Home & Office
Why you can trust ZDNET : ZDNET independently tests and researches products to bring you our best recommendations and advice. When you buy through our links, we may earn a commission. Our process

'ZDNET Recommends': What exactly does it mean?

ZDNET's recommendations are based on many hours of testing, research, and comparison shopping. We gather data from the best available sources, including vendor and retailer listings as well as other relevant and independent reviews sites. And we pore over customer reviews to find out what matters to real people who already own and use the products and services we’re assessing.

When you click through from our site to a retailer and buy a product or service, we may earn affiliate commissions. This helps support our work, but does not affect what we cover or how, and it does not affect the price you pay. Neither ZDNET nor the author are compensated for these independent reviews. Indeed, we follow strict guidelines that ensure our editorial content is never influenced by advertisers.

ZDNET's editorial team writes on behalf of you, our reader. Our goal is to deliver the most accurate information and the most knowledgeable advice possible in order to help you make smarter buying decisions on tech gear and a wide array of products and services. Our editors thoroughly review and fact-check every article to ensure that our content meets the highest standards. If we have made an error or published misleading information, we will correct or clarify the article. If you see inaccuracies in our content, please report the mistake via this form.


How to resolve a number of Firefox problems with a refresh

If the Firefox web browser is giving you trouble, one surefire way of fixing the issue is to reset it back to factory defaults.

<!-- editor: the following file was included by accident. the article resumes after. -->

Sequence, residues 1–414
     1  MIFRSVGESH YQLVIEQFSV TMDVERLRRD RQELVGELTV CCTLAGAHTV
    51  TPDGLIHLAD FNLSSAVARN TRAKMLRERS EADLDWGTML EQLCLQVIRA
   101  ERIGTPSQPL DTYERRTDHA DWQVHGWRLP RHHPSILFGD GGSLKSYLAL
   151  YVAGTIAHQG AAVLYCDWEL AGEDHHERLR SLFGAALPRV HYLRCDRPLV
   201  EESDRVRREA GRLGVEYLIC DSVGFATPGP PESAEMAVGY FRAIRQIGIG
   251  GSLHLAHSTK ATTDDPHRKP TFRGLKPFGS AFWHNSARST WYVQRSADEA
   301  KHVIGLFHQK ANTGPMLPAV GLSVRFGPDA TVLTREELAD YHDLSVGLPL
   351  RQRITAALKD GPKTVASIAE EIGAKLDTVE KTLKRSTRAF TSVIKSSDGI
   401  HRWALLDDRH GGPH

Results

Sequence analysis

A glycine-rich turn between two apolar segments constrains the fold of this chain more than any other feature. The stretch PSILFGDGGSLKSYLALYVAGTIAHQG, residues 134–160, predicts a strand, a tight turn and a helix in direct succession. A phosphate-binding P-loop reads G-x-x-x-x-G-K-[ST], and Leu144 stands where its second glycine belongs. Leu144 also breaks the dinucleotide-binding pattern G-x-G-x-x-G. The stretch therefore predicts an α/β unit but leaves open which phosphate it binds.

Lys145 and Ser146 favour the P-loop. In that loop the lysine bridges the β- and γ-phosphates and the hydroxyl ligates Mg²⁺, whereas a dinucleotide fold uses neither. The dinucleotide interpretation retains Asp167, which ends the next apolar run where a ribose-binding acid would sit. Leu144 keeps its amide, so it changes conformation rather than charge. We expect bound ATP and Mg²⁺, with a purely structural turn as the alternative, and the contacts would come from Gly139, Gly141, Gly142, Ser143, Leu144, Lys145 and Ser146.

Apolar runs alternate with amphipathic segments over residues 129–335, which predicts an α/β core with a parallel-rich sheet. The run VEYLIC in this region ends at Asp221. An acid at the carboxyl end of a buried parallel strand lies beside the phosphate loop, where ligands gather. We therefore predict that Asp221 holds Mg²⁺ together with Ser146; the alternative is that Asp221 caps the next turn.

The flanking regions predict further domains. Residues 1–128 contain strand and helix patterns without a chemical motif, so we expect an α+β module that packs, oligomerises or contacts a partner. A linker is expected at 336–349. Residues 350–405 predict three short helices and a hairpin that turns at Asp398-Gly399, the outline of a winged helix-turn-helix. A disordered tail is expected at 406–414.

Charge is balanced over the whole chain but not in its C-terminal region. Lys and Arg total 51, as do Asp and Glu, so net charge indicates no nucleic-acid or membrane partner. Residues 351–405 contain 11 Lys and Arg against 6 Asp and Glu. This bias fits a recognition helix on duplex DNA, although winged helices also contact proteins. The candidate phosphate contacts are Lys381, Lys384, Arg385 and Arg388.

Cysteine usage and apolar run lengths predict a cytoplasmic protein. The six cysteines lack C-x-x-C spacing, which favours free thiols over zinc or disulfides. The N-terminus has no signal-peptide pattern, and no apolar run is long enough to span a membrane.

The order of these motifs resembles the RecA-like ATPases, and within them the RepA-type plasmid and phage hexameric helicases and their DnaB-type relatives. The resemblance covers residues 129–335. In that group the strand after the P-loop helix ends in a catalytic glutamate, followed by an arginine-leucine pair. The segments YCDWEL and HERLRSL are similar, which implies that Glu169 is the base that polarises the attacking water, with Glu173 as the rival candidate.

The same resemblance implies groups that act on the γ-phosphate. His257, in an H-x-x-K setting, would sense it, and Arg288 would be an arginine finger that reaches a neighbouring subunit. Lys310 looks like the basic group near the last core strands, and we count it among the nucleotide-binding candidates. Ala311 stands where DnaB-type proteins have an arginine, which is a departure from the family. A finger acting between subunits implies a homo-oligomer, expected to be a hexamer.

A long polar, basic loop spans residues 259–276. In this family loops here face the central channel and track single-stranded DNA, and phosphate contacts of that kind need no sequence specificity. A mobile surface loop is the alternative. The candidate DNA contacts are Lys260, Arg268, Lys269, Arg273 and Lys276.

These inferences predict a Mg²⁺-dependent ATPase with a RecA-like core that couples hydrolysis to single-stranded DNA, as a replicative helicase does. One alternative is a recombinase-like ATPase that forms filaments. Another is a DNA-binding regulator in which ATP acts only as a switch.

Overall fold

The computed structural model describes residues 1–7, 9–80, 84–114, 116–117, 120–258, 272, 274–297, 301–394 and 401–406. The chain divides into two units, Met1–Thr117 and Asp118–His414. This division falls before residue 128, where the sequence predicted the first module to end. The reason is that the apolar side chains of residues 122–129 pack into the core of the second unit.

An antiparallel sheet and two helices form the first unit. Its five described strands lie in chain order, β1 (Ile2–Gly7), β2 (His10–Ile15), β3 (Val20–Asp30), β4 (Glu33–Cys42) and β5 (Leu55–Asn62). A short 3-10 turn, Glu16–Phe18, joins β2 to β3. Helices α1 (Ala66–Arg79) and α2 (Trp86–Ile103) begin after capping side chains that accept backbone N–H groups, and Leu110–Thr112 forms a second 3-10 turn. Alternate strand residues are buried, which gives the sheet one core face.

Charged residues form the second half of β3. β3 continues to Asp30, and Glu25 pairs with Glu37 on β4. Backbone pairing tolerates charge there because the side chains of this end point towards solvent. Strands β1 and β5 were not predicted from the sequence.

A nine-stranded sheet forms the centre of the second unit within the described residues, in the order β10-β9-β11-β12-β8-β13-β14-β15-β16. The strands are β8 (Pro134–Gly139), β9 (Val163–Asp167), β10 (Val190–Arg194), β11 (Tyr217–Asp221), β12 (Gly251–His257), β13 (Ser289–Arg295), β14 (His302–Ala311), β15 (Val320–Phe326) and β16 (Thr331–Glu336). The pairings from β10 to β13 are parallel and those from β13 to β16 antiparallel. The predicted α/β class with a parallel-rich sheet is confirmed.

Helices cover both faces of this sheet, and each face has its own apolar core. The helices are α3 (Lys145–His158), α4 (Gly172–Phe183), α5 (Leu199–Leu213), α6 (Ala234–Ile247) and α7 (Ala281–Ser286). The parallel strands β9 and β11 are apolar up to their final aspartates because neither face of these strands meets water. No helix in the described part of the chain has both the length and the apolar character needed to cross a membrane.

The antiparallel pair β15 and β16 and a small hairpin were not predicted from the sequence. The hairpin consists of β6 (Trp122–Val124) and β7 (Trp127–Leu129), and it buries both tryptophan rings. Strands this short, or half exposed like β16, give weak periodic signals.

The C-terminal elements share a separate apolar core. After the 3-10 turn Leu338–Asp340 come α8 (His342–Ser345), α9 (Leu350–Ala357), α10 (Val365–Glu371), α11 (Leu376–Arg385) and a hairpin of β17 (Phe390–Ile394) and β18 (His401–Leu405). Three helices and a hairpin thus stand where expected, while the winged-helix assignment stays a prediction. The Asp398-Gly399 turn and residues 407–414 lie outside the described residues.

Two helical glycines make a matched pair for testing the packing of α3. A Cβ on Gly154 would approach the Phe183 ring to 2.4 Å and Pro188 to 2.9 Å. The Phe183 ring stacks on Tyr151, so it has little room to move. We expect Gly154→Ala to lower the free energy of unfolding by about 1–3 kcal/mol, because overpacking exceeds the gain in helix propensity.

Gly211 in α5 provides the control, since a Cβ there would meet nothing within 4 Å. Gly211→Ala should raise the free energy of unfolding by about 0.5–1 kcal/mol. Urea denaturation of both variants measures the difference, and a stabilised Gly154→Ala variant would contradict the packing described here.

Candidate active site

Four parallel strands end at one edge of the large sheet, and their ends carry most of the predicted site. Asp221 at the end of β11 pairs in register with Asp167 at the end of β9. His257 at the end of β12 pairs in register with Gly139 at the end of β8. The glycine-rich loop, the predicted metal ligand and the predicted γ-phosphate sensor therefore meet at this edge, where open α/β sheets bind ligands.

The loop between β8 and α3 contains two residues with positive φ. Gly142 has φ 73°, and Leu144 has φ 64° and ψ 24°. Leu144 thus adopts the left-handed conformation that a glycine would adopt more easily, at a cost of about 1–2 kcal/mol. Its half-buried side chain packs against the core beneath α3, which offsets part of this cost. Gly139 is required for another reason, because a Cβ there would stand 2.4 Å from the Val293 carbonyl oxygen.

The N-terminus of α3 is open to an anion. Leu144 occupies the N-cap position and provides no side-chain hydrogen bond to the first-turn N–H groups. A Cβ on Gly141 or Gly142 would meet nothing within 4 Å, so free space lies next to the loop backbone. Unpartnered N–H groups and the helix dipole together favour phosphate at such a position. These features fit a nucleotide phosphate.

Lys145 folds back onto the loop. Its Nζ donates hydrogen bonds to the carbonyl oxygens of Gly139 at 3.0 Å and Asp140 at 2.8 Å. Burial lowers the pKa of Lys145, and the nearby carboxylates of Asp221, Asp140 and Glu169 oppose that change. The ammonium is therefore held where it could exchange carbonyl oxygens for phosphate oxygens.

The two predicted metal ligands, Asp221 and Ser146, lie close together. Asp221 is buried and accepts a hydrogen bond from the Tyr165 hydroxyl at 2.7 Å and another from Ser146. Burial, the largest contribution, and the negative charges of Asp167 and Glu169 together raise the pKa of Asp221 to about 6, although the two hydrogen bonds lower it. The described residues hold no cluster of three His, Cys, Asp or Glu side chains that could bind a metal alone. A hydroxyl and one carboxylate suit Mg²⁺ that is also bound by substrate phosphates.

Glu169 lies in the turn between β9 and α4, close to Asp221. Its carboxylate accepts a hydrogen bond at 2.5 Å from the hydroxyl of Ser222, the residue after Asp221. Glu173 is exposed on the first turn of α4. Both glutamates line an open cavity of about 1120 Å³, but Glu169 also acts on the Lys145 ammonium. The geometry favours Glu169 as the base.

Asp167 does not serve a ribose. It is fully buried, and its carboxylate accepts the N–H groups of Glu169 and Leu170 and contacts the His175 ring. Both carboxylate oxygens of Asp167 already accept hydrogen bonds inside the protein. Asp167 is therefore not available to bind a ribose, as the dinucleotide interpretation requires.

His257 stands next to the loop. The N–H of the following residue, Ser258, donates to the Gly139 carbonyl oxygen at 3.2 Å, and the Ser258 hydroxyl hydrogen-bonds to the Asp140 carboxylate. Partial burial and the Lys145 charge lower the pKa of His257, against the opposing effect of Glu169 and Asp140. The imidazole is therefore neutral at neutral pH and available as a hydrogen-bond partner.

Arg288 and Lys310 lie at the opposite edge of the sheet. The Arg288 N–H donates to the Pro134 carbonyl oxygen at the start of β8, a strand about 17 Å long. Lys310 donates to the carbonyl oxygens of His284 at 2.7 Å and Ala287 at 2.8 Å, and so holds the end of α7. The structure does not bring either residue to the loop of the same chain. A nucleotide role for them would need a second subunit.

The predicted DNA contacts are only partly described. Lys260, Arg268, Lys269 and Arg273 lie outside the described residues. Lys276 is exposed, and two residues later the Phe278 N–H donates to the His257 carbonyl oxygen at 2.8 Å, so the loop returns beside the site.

Written by Jack Wallen, Contributing Writer
Person working on a laptop
paulaphoto/Getty Images

The longer you use your web browser, the more likely it is that you'll run into problems. It's almost an inevitability. It's also understandable. Once upon a time, browsers were only used for surfing the web. Today, we use them for everything. In fact, I'd go so far as to bet 90% of what 90% of people do on a computer is done via a web browser.

Because of that ubiquity, it should come as no surprise that our web browsers eventually give into the strain of what we put them through. And when you're not regularly clearing your browser's cache (and just generally treating them with care), they can crash and burn.

Also: How to customize the Firefox search tool to better fit your needs

When that happens, you have to take drastic measures. No, I'm not talking about uninstalling and reinstalling (although that can certainly do the trick) but, rather, resetting the browser. When you reset most web browsers, you lose all of your data, your bookmarks, passwords…everything. It's as if you've installed the software for the first time. That way, you can be sure the browser will work as expected.

However, a Firefox refresh doesn't delete your bookmarks and passwords. Instead, it deletes all extensions and customizations (as those two bits are typically what cause problems for the browser).

Also: Firefox for Android just got an important privacy feature: How it could benefit you

The one thing I always suggest before doing this refresh is to make sure you've either backed up things like bookmarks or ensure you've joined your browser to a sync service. For example, with the Firefox browser, you can sign up for a free Firefox sync account and sync things like bookmarks, settings, open tabs, passwords, cookies, history, add-ons, credit cards, and addresses.